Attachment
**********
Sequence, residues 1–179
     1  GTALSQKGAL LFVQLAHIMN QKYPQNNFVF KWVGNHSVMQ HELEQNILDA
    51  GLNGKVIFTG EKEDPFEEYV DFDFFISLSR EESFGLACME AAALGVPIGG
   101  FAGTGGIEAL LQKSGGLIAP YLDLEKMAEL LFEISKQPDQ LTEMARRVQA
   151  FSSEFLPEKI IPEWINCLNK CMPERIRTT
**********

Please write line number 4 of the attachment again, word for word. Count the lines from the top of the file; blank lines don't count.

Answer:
   101  FAGTGGIEAL LQKSGGLIAP YLDLEKMAEL LFEISKQPDQ LTEMARRVQA